It is imperative, argued Burns, that transgender and feminist activists see through the ruse.
"Instead of bickering among one another over things like gender-inclusive reproductive health language, it's worth women and trans people looking at the bigger picture and taking note of the world conservatives are striving to create," wrote Burns. "It's a future in which personal liberty is a facade and cis women and trans people have no right to make the most personal decisions about their own bodies ... It's up to women and trans people to work together to ensure it doesn't come to fruition."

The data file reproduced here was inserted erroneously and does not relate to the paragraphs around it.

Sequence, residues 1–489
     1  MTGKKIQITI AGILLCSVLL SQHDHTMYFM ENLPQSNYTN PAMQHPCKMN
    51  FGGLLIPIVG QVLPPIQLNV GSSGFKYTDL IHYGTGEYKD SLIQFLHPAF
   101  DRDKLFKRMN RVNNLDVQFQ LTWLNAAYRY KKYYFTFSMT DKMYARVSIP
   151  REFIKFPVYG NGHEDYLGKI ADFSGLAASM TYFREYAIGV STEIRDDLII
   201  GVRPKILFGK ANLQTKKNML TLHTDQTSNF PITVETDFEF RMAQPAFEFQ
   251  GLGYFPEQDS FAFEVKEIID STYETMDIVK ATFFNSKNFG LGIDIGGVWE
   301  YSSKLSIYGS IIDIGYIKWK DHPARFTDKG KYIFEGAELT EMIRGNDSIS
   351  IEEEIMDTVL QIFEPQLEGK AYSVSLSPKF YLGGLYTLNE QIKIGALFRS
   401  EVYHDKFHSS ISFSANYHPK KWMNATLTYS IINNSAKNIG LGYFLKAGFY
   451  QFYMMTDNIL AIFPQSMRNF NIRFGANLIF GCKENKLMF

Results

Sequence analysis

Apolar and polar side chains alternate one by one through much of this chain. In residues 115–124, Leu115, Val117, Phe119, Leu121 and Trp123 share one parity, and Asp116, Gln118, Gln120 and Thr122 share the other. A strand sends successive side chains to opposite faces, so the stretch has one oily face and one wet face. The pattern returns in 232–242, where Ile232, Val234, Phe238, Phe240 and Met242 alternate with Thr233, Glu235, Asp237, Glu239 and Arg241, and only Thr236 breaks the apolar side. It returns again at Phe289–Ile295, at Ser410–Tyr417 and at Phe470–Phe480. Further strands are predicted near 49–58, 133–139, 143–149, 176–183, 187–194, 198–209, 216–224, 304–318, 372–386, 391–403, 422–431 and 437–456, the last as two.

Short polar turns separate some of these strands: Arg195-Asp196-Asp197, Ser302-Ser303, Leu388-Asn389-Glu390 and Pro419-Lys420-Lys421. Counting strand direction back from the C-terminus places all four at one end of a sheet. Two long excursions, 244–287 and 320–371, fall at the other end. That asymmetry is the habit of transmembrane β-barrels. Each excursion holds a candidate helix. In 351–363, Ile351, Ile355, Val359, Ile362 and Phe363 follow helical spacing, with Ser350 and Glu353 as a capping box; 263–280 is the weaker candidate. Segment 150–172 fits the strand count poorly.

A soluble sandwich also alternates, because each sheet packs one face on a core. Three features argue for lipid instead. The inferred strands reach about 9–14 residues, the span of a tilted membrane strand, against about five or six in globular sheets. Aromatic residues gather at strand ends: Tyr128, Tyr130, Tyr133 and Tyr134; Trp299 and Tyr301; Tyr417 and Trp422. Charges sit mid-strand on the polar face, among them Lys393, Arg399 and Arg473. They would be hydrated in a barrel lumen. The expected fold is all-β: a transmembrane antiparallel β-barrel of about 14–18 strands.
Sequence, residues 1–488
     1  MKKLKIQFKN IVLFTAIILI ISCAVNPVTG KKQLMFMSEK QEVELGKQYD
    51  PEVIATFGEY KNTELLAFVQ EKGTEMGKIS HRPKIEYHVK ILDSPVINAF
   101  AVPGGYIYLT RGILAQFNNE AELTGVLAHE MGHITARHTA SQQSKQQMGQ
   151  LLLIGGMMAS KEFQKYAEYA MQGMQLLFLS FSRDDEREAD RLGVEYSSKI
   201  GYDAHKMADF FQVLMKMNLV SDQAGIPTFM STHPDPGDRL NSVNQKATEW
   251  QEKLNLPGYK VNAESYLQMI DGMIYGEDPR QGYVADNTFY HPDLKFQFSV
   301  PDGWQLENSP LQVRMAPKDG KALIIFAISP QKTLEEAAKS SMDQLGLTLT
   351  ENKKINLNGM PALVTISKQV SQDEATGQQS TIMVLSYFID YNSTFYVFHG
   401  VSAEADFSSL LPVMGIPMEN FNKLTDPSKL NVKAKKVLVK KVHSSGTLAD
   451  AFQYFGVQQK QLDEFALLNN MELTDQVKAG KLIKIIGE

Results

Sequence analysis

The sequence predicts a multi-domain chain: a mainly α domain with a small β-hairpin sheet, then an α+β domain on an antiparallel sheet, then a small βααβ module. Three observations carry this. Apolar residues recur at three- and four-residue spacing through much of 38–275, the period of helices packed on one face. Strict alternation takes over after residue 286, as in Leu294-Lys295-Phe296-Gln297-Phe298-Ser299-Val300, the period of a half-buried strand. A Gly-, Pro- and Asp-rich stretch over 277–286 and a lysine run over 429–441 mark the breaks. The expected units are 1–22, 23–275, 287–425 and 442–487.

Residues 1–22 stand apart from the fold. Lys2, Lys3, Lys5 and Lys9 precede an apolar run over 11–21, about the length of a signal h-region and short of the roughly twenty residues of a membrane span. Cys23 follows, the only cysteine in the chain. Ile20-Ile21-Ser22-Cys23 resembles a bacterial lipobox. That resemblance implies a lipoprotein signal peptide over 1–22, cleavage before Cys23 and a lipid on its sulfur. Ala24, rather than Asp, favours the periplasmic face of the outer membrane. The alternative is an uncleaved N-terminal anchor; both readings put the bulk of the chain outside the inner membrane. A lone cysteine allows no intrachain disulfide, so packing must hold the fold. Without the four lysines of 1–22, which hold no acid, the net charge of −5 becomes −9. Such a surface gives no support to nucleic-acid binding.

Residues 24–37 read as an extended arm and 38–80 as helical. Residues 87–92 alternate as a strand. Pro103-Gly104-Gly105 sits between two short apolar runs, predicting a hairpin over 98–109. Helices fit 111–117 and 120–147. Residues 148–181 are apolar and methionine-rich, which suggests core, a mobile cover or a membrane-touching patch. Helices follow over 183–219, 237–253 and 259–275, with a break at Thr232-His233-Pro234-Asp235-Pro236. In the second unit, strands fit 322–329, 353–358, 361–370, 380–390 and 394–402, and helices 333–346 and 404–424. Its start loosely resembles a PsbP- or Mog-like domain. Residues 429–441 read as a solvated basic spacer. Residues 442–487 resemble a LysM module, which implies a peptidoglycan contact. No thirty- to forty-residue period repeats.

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In just over three minutes, People's Policy Project founder Matt Bruenig on Tuesday explained in a video posted to social media how a paid leave proposal put forward in the U.S. House would be a "disaster" for working families—and a boon for the private insurance industry. Produced by the outlet More Perfect Union, the video describes how House Ways and Means Committee Chairman Richard Neal (D-Mass.)—who counts the insurance industry as his top contributor since taking office more than three decades ago—put forward a plan to replace President Joe Biden's straightforward proposal to offer 12 weeks of paid leave to new parents through the Social Security Administration (SSA).